Our second day at Leh was dedicated to palaces and monasteries – Stok, Hemis, Thiksey and Shey. The four of them are special enough to warrant a post to themselves, so let me move on.

By the time we left Shey palace, I couldn’t wait to get back to our room, have a hot bath, and fall into bed. But the day wasn’t over yet. Shankar’s friend arrived, with friends in tow, and all of us headed to the Sound and Light show at the Zorawar fort.

Zorawar Singh was the wazir of the Raja of Jammu, who captured Ladakh and made it possible for the region to be eventually brought under the Indian Union. At the Leh palace, we had heard from our guide, the stories of his sack of Leh, of exiling the king to Stok, and his campaign to Tibet which eventually led to his death. Ladakhis look on Zorawar Singh as the cruel warrior who de-throned the rightful king, with help from the Muslims of Kargil, who deserved his death at the hands of the Tibetans, far from home.

At the fort, we heard the other side of the story – of the brilliant tactician and commander, who led his forces through the harsh land, to victory, over and over again. We heard of his quelling the rebellion in Ladakh thrice, of building the fort as a symbol of his victory. The show specifically mentions Zorawar Singh building the fort in the style of central and north India, completely unlike traditional Ladakhi architecture. It reminded me of one of the talks on monumentality at Jnanapravaha Mumbai, and I realized that this was, in a way, a means to attain monumentality – by choosing to build in an alien style, to act as a constant reminder of his victory his presence, to the locals, as a deterrent to further rebellions.

Once again, this highlighted the importance of hearing a story from both sides.

And thus ended our sightseeing of Leh. More of its Buddhist monasteries in the next post.

 Earlier posts in series -

Coming up -

  • Ladakh Diaries Part 4: Monasteries and Palaces in Leh - Stok, Hemis, Thiksey and Shey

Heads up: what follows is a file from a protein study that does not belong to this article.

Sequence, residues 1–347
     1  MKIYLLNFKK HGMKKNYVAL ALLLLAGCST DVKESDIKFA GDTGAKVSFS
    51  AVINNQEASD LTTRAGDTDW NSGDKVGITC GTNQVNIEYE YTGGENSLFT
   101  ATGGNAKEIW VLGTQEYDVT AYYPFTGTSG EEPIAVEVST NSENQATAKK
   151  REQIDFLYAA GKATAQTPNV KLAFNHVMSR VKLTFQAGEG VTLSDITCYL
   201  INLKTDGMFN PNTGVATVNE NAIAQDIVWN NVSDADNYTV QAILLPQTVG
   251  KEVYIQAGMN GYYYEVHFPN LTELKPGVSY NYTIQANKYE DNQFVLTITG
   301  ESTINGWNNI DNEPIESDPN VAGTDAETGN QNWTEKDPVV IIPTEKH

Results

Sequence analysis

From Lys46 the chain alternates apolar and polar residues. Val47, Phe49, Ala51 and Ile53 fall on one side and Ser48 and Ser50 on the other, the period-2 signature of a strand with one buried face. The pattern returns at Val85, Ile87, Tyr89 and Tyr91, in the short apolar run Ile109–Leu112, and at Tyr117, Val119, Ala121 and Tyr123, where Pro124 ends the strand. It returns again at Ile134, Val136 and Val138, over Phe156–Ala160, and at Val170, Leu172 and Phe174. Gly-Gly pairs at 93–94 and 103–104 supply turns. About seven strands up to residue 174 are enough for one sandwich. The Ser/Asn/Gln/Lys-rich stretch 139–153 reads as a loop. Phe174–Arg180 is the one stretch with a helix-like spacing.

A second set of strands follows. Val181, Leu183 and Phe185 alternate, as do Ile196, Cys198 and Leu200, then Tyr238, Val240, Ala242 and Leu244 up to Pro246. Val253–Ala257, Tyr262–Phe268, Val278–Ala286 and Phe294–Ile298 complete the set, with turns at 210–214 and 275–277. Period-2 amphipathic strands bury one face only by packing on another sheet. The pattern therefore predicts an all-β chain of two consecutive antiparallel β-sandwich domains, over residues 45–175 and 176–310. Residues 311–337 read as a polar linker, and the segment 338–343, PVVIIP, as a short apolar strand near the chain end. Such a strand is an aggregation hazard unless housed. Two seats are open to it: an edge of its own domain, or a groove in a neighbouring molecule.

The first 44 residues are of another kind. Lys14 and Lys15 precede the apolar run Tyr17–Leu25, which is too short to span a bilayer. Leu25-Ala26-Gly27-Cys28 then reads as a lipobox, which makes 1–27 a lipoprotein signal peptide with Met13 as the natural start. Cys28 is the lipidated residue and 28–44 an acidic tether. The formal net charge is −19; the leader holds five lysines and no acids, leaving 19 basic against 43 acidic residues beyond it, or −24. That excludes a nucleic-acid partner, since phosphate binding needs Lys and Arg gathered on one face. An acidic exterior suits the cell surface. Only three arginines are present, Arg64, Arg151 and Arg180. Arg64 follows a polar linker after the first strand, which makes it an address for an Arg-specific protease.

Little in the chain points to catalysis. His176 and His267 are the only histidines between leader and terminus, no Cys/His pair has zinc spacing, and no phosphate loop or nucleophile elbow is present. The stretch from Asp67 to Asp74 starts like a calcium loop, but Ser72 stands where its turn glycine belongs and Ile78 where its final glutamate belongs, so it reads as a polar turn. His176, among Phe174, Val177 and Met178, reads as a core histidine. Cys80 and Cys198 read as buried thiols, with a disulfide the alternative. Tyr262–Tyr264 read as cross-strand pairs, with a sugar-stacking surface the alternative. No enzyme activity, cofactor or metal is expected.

Popular posts from this blog

The Havelis of Bikaner - A Photo Post

The lanes are narrow , twisting and turning amidst buildings old and new. Crumbling old structures with intricate workmanship stand side by side with art deco buildings, and more modern constructions, which follow no particular style. Autos, bicycles, motorcycles and vans rush past, blowing their horns as loudly as possible, while cows saunter past peacefully, completely unaffected by the noise. In the midst of all this chaos, children play by the side, and women go about their chores, as we explore these by-lanes of Bikaner, and its beautiful Havelis. Facade of one of the Rampuria Havelis

Ladakh - Planning The Trip

Over 2000 Km by road, in around 10 days. Stunning landscapes, wonderful people. That sums up our Ladakh trip. But how did it actually work? How did we make it happen? Read on to find out!  Leh, the capital of Ladakh , is accessible by air and road. Flying into Leh is the easiest, and time-saving option, while the road is the time consuming one, but with the added advantage of driving past some of the most beautiful landscapes in our country. Each option has much to recommend it, and we chose the road for just one reason – altitude sickness. Altitude sickness was one of my biggest concerns, since I suffer from motion-sickness. Yes, I do travel a lot, but that is despite my condition, and, over the years, have learnt how to handle it. I struggled with it when we visited Nathu-La in Sikkim, and wondered if I would be able to manage a week at the even higher altitudes that we would encounter in Ladakh. This was the reason we stuck to a basic plan, of only 9 days in Ladakh, though we

Bhedaghat - Home of the 81 Yoginis

The Narmada flows down the mountains , carving out a path for herself as she makes her way down to the plains of Central India. She cascades from the rocks, her fine spray making it appear as if billows of smoke (dhuan) arise from the flowing streams of water (dhaar), giving it the name Dhuandhar. Dhuandhar Falls The force of her flow creates a gorge , smoothening and carving out the rocks into fantastic shapes, the pure white of the rocks standing starkly against the shades of the water. It is a joy to cruise down the river in a boat, seeing the natural contours created by the river, now famous as the Marble Rocks. We are at Bhedaghat, located on the banks of the Narmada near Jabalpur, where thousands of visitors turn up to see these natural landscapes, creations of the sacred Narmada, and pay obeisance to her. However, to me, the most interesting thing about Bhedaghat, isn’t the falls or the rocks, or even the river. What makes Bhedaghat special is t